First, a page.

If a government employee harms you while acting within the scope of his or her employment, how will you obtain relief?   Not an easy question for most people.

Well, if you're injured by an employee of a grocery store in its parking lot, to whom do you report it first, the police, or the grocery store owner?  Who's responsible?  That's easy.  The grocery store owner.  

But can I just take that individual into a court of natural justice and get relief?  Nope.

This is because the corporation protects those who follow its policies and procedures as long as they're operating within the scope of their employment.  They hire attorneys, call the insurance company, and reprimand the employee, if necessary, for stepping out of the boundary.  If you are seriously injured and their remedy doesn't give you relief, you can file a tort claim against the employee and often recover -- but you have to stay in their sandbox in order for them to be able to give you relief.  There is remedy, it's obscure but it's there.  And this is all they have to provide.

Can you force a corporation with policies, procedures, statutes and codes, who pays employees to follow them, to adhere to a law you say they should adhere to?  Nope.

Why would I want to take an employee of a corporation / government (a natural person) who injured me into a court of natural justice and think I can get relief?

I can't.  Because there is no jurisdiction.  It's apples and oranges.  When you attempt to force a body to adhere to a law you say they should comply with, aren't you exposing them to harm in some way?  Put yourself in their shoes for a minute.

Can I set up a court that I say operates in natural law and practices natural justice, find a judge and a jury, and convict corporate employees in absentia for harming me, or anyone else, and operate lawfully and with jurisdiction, and go get relief with a judgment in my favor according to the principles of natural law?  Nope.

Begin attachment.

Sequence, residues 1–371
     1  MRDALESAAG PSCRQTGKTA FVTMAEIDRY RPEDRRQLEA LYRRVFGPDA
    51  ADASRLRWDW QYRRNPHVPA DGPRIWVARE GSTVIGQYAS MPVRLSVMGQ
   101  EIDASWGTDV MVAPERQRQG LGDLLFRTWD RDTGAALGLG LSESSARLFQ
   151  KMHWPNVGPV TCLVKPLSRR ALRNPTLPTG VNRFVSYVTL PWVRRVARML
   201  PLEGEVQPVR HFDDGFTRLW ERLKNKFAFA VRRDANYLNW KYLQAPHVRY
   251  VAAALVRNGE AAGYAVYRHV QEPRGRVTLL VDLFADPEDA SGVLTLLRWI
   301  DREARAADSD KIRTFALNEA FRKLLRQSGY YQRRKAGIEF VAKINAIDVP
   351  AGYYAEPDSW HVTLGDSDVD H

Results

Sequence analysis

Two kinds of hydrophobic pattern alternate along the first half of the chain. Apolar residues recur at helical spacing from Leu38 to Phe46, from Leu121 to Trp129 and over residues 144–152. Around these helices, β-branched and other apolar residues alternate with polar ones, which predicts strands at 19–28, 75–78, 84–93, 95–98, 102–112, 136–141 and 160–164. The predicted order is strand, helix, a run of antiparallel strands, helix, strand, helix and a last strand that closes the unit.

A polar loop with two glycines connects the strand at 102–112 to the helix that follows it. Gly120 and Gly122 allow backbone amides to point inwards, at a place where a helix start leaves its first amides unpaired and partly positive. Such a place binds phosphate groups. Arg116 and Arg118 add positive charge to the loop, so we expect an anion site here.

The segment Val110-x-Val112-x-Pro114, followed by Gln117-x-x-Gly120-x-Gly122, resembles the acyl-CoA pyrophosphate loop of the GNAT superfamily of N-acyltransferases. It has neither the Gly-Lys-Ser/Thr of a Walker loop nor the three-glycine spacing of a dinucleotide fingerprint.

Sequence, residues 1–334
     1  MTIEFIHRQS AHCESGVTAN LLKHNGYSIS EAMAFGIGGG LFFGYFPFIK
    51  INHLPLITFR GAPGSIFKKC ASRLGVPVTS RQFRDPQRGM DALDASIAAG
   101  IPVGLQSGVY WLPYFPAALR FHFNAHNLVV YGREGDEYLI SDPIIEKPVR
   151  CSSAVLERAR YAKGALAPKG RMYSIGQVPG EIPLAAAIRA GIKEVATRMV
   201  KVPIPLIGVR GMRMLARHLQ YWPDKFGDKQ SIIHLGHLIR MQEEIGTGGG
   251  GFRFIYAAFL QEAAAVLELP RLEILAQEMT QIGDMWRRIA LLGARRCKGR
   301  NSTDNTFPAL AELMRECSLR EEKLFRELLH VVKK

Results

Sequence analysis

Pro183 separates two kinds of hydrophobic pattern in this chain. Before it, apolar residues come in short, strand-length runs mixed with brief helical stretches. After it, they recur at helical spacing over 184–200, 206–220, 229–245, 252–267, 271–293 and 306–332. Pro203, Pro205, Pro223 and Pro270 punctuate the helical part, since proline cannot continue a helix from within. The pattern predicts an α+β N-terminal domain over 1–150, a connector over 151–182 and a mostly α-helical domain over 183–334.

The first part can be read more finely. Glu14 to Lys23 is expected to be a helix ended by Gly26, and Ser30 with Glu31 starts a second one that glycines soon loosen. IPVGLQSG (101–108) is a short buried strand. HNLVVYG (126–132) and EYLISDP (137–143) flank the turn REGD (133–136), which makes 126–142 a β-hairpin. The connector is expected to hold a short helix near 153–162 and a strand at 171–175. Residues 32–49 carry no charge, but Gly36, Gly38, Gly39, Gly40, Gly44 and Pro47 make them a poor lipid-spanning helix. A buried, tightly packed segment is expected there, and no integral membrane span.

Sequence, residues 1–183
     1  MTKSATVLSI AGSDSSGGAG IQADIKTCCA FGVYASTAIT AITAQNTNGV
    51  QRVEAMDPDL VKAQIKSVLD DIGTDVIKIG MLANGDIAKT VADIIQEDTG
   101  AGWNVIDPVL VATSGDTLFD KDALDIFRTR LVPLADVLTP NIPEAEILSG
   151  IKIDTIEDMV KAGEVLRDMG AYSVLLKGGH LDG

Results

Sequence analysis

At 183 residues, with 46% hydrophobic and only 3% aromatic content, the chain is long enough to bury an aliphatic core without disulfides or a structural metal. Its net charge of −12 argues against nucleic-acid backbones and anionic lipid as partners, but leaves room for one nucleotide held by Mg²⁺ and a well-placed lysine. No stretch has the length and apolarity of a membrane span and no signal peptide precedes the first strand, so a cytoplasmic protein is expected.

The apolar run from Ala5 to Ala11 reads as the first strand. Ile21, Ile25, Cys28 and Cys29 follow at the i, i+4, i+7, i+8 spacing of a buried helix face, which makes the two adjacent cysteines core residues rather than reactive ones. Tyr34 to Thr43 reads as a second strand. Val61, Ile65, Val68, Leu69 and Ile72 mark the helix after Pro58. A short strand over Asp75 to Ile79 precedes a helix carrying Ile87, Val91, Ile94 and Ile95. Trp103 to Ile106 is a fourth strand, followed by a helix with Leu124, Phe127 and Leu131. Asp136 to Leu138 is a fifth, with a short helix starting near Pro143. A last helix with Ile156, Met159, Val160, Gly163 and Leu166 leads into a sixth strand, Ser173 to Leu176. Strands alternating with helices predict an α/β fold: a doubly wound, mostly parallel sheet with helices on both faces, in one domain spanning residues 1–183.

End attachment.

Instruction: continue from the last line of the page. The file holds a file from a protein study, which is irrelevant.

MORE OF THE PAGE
It's a noble effort, but not realistic, and it will never provide relief because those we might call upon to enforce it don't ultimately answer to us.  Their law is not natural law, so how would natural law apply to them?   

If you want to take, for example, the CEO of Bank of America into court and have him answer to crimes he may have committed against you, how would you enforce a subpoena, and how would you enforce a judgment in a natural law court?

You can't.

Some people would say, "well, I'm not a part of their corporate government and I don't recognize them.  So I shouldn't have to go by their laws, either." 

Agreed.  Then answer me, how would you get relief for an injury they caused you?  And wouldn't you expect the corporate / government employee you're going after to feel the same way about your law?

If there was a consensus of the public, however, that natural law is now the law of the land and all the states through legislature ratified it, that's different.  Now there is jurisdiction in law, along with enforcement, and relief.

In the international realm, if all countries adopted natural law by the will and consensus of the people, this could work.  And I'm not talking about a small group of people compared to the billions on the planet starting their own court.  I'm talking about the demand of the overwhelming majority of the people on this planet to make it happen, complete with a court run by the people to show them this is real.

If that were the case, count me in.

The ITNJ is not a public court.  It doesn't have the authority of the people through demand by the people for its existence.  Additionally, its similarity to the corporate-run courts of today is what will keep it from ever achieving its stated purpose.